13. 13. Management’s Discussion and Analysis of Financial Condition and Results of Operations EXTERNAL FACTORS IMPACTING OUR BUSINESS Performance in the financial services industry in which 2008. Weak economic indicators, recession fears and we operate is highly correlated to the overall strength of continued turmoil in the credit markets have caused economic conditions and financial market activity. significant market uncertainty and increased volatility. Overall market conditions are a product of many fac- Continued market uncertainty and increased volatility tors, which are beyond our control and mostly unpre- will likely have an adverse impact on our overall results dictable. These factors may affect the financial of operations. For example, thus far in 2008 we have decisions made by investors, including their level of experienced significantly reduced equity and debt participation in the financial markets. In turn, these financing opportunities and a challenging market envi- decisions may affect our business results. With respect ronment for our proprietary trading activities. Further, to financial market activity, our profitability is sensitive the municipal credit markets are under particular to a variety of factors, including the volume and value stress. of trading in securities, the volatility of the equity and fixed income markets, the level and shape of various The majority of our fixed income business is generated yield curves, the demand for investment banking ser- by municipal debt underwriting and sales and trading. vices as reflected by the number and size of equity and The turmoil in the credit markets during 2007 has debt financings and merger and acquisition transac- carried over into 2008, and spread to other areas of tions, and the demand for asset management services as the credit markets. Specifically, the municipal credit reflected by the amount of assets under management. markets have been adversely impacted by rating agency downgrades (and the expectation of potential future Factors that differentiate our business within the finan- downgrades) of Monoline bond insurers (“Mono- cial services industry also may affect our financial lines”). This has caused a significant decrease in the results. For example, our business focuses on specific demand for short-term variable rate municipal prod- industry sectors. These sectors may experience growth ucts, including variable rate demand notes, auction rate or downturns independently of general economic and securities and variable rate certificates which support market conditions, or may face market conditions that our tender option bond program. Certain auction rate are disproportionately better or worse than those securities for which we act as broker-dealer have max- impacting the economy and markets generally. In either imum interest rate caps, which are below prevailing case, our business could be affected differently than market rates and, as a result, we have determined not to overall market trends. Given the variability of the support multiple auctions as we manage our exposure capital markets and securities businesses, our earnings to these securities and our liquidity position. The may fluctuate significantly from period to period, and decrease in demand for variable rate certificates col- results for any individual period should not be consid- lateralized by municipal bonds, the monoline insurer ered indicative of future results. for which has been downgraded, has resulted in us dissolving two tender option bond trusts. The credit OUTLOOK FOR 2008 market turmoil is negatively impacting our fixed Market conditions in early 2008 are challenging, caus- income business and could adversely affect our overall ing us to have a cautious view of at least the first half of results of operations. 12 Piper Jaffray Annual Report 2007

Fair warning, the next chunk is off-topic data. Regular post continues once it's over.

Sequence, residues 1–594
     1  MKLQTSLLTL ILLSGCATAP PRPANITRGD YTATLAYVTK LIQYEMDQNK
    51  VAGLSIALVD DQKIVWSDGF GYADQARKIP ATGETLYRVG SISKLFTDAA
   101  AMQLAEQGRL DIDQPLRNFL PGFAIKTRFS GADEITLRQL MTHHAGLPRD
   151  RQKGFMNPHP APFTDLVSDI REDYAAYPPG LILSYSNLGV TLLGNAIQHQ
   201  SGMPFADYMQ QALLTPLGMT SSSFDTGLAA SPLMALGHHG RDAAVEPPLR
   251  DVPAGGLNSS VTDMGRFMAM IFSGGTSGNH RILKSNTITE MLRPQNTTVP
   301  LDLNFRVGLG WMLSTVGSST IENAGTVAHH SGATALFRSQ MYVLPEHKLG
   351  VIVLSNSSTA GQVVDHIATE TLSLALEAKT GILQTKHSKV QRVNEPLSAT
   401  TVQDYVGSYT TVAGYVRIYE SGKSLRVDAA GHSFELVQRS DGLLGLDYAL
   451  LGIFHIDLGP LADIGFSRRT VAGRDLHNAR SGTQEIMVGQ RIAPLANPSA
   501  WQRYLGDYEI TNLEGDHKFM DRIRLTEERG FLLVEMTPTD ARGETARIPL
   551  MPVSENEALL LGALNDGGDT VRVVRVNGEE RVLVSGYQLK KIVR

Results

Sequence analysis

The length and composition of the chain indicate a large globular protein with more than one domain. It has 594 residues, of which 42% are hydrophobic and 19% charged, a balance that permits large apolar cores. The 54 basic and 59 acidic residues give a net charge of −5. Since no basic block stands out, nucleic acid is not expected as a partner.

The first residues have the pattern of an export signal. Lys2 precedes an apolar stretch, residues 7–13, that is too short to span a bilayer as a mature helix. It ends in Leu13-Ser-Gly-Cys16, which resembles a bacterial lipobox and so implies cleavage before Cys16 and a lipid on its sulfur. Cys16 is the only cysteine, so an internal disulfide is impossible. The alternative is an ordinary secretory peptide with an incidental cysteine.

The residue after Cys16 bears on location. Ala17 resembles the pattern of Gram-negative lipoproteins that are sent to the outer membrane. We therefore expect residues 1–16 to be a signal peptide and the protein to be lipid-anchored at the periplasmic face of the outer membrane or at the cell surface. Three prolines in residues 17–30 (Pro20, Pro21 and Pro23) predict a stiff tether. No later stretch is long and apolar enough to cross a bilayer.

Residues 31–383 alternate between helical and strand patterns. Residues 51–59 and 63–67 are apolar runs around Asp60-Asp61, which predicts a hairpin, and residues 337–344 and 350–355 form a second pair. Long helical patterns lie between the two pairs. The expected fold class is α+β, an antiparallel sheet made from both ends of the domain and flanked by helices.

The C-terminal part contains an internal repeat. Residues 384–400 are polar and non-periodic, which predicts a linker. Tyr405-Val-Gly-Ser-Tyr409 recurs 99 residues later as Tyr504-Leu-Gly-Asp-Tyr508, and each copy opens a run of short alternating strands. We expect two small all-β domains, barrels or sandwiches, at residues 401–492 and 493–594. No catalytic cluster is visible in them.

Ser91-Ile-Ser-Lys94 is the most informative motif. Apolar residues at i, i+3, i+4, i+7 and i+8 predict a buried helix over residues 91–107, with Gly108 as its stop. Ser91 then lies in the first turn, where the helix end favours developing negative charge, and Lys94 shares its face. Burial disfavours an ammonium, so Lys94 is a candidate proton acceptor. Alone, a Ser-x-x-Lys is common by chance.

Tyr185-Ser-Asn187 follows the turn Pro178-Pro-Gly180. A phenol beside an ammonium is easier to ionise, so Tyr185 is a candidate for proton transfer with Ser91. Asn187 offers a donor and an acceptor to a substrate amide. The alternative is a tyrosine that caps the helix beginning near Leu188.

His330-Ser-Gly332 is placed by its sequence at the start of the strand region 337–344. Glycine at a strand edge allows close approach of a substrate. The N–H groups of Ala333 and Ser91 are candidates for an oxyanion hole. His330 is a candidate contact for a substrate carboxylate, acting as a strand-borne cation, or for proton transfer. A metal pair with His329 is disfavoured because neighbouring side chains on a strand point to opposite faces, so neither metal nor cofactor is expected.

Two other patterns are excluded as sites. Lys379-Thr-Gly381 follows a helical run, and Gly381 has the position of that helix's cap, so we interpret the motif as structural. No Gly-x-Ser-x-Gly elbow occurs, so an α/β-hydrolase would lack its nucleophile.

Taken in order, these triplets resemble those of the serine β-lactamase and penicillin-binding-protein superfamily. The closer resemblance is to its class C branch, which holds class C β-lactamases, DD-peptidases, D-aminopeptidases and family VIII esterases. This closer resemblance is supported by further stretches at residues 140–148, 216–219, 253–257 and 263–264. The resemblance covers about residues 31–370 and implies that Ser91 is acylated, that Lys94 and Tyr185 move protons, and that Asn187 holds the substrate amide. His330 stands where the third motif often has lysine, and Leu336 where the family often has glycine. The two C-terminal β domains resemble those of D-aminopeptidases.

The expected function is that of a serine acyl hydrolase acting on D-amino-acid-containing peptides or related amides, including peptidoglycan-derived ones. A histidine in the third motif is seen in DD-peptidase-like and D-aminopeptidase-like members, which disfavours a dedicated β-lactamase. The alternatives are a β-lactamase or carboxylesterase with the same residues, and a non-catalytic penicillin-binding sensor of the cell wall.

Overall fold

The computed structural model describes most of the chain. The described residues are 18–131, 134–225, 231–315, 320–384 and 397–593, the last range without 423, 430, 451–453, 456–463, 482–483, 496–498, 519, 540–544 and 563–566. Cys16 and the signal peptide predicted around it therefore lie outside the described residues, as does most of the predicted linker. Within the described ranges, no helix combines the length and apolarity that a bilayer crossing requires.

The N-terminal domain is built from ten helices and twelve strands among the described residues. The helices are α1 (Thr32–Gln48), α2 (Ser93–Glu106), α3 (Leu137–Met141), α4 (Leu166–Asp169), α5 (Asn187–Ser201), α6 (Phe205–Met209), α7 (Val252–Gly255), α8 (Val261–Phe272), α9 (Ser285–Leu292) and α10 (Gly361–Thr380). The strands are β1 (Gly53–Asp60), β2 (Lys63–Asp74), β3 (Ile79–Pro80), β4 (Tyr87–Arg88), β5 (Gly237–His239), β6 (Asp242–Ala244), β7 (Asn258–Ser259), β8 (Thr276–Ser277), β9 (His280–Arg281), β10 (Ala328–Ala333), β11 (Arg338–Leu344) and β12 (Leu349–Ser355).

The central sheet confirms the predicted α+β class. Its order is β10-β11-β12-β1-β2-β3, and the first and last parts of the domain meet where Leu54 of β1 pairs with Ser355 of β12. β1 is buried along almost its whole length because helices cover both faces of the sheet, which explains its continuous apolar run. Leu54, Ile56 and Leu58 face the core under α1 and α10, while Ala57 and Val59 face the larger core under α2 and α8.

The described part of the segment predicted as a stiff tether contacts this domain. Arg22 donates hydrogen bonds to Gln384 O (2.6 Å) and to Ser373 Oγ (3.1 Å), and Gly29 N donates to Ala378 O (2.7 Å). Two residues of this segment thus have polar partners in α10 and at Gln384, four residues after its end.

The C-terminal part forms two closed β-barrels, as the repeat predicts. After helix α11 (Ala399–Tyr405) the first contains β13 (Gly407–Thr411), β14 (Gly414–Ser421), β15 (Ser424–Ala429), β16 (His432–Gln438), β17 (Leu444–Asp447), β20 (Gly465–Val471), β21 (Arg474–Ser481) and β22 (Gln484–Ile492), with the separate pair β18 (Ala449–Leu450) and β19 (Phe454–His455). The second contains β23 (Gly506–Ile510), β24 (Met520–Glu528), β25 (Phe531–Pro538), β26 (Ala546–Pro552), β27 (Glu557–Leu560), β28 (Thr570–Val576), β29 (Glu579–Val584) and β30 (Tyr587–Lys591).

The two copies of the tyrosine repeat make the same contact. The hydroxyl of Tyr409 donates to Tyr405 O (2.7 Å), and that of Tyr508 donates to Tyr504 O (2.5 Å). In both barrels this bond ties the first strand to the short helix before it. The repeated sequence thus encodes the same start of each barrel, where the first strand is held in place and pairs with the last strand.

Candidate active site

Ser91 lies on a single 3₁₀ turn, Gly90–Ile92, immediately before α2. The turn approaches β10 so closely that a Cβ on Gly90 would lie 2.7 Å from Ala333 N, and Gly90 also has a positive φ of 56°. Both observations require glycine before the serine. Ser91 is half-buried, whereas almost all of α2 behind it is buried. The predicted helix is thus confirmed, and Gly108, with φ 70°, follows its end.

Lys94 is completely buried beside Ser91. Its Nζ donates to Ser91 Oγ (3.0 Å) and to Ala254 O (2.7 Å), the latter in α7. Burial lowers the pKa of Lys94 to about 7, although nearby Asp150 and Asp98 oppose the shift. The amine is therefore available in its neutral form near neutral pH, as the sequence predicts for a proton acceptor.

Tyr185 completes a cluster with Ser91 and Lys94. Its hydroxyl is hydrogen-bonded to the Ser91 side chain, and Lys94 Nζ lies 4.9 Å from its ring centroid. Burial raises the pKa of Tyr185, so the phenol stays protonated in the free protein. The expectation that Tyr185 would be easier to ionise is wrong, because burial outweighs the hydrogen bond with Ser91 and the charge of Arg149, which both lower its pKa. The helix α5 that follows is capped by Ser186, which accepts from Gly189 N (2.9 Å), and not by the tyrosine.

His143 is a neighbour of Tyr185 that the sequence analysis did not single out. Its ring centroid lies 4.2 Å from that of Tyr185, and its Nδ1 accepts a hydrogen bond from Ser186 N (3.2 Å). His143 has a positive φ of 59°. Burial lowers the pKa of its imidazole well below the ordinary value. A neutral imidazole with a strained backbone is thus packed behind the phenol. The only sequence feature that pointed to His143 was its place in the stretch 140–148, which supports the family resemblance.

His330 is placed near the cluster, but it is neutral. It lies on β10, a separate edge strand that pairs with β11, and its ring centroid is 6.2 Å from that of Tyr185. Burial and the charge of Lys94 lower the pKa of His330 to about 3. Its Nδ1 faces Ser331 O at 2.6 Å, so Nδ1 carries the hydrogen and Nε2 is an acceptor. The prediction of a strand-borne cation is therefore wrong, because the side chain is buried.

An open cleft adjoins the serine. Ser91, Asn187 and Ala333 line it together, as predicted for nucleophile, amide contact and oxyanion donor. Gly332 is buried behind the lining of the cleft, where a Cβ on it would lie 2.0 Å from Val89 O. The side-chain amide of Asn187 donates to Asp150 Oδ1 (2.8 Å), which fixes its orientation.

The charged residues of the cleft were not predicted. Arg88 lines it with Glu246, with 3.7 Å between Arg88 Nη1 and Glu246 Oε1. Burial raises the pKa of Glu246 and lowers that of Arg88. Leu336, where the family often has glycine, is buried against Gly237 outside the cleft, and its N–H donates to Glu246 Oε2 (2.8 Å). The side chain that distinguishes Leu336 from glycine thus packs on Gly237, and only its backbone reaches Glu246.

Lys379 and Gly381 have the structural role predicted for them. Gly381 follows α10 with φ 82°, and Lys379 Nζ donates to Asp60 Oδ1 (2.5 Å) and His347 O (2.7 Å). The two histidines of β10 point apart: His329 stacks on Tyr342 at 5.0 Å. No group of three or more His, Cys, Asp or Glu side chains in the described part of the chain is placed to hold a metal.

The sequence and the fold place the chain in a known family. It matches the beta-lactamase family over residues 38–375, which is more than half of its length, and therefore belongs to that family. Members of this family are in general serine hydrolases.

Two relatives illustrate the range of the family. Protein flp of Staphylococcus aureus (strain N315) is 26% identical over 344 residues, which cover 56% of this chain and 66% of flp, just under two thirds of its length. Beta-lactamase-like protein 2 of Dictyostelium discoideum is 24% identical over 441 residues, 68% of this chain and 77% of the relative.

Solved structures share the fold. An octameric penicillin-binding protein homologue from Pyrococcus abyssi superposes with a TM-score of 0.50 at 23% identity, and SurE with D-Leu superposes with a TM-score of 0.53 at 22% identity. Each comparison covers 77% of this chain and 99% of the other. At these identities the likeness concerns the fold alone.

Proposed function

14. 14. Management’s Discussion and Analysis of Financial Condition and Results of Operations Results of Operations FINANCIAL SUMMARY The following table provides a summary of the results of our operations and the results of our operations as a percentage of net revenues for the periods indicated. AS A PERCENTAGE OF NET REVENUES FOR THE YEAR ENDED DECEMBER 31, FOR THE YEAR ENDED DECEMBER 31, 2007 2006 (Amounts in thousands) 2007 2006 2005 v 2006 v 2005 2007 2006 2005 Revenues: Investment banking $302,361 $298,309 $251,750 1.4% 18.5% 60.6% 59.3% 59.8% Institutional brokerage 151,591 160,502 155,990 (5.6) 2.9 30.4 31.9 37.0 Interest 60,873 64,110 44,857 (5.0) 42.9 12.2 12.7 10.6 Asset management 6,173 222 227 N/M (2.2) 1.2 0.1 0.1 Other income 1,613 12,094 978 (86.7) N/M 0.3 2.4 0.2 Total revenues 522,611 535,237 453,802 (2.4) 17.9 104.7 106.4 107.7 Interest expense 23,689 32,303 32,494 (26.7) (0.6) 4.7 6.4 7.7 Net revenues 498,922 502,934 421,308 (0.8) 19.4 100.0 100.0 100.0 Non-interest expenses: Compensation and benefits 291,870 291,265 243,833 0.2 19.5 58.5 57.9 57.9 Occupancy and equipment 32,482 30,660 30,808 5.9 (0.5) 6.5 6.1 7.3 Communications 24,772 23,189 23,987 6.8 (3.3) 5.0 4.6 5.7 Floor brokerage and clearance 14,701 13,292 14,785 10.6 (10.1) 2.9 2.6 3.5 Marketing and business development 26,619 24,664 21,537 7.9 14.5 5.4 4.9 5.1 Outside services 34,594 28,053 23,881 23.3 17.5 6.9 5.6 5.7 Cash award program 1,677 2,980 4,205 (43.7) (29.1) 0.3 0.6 1.0 Restructuring-related expense – – 8,595 0.0 N/M – – 2.0 Other operating expenses 9,293 (9,042) 13,646 N/M N/M 1.9 (1.8) 3.2 Total non-interest expenses 436,008 405,061 385,277 7.6 5.1 87.4 80.5 91.4 Income from continuing operations before income tax expense 62,914 97,873 36,031 (35.7) 171.6 12.6 19.5 8.6 Income tax expense 17,887 34,974 10,863 (48.9) 222.0 3.6 7.0 2.6 Net income from continuing operations 45,027 62,899 25,168 (28.4) 149.9 9.0 12.5 6.0 Discontinued operations: Income/(loss) from discontinued operations, net of tax (2,811) 172,354 14,915 N/M 1,055.6 (0.5) 34.3 3.5 Net income $ 42,216 $235,253 $ 40,083 (82.1)% 486.9% 8.5% 46.8% 9.5% N/M — Not Meaningful For the year ended December 31, 2007, net income, $160.5 million in 2006. Equity sales and trading rev- including continuing and discontinued operations, enues were essentially flat compared to 2006. Fixed totaled $42.2 million. Net revenues from continuing income sales and trading revenues declined, mainly operations were $498.9 million, a slight decline com- driven by the turmoil in the financial markets in the pared to $502.9 million in 2006. In 2007, investment last half of 2007. In 2007, net interest income increased banking revenues increased slightly to $302.4 million to $37.2 million, compared with $31.8 million in 2006. as increases in equity financing revenues more than The increase was primarily driven by significantly offset the decline in debt financing and advisory ser- reduced borrowing needs following the sale of our vices revenues. Institutional brokerage revenues PCS branch network in August 2006. In 2007, asset declined 5.6 percent to $151.6 million in 2007, from management fees were $6.2 million, almost all of Piper Jaffray Annual Report 2007 13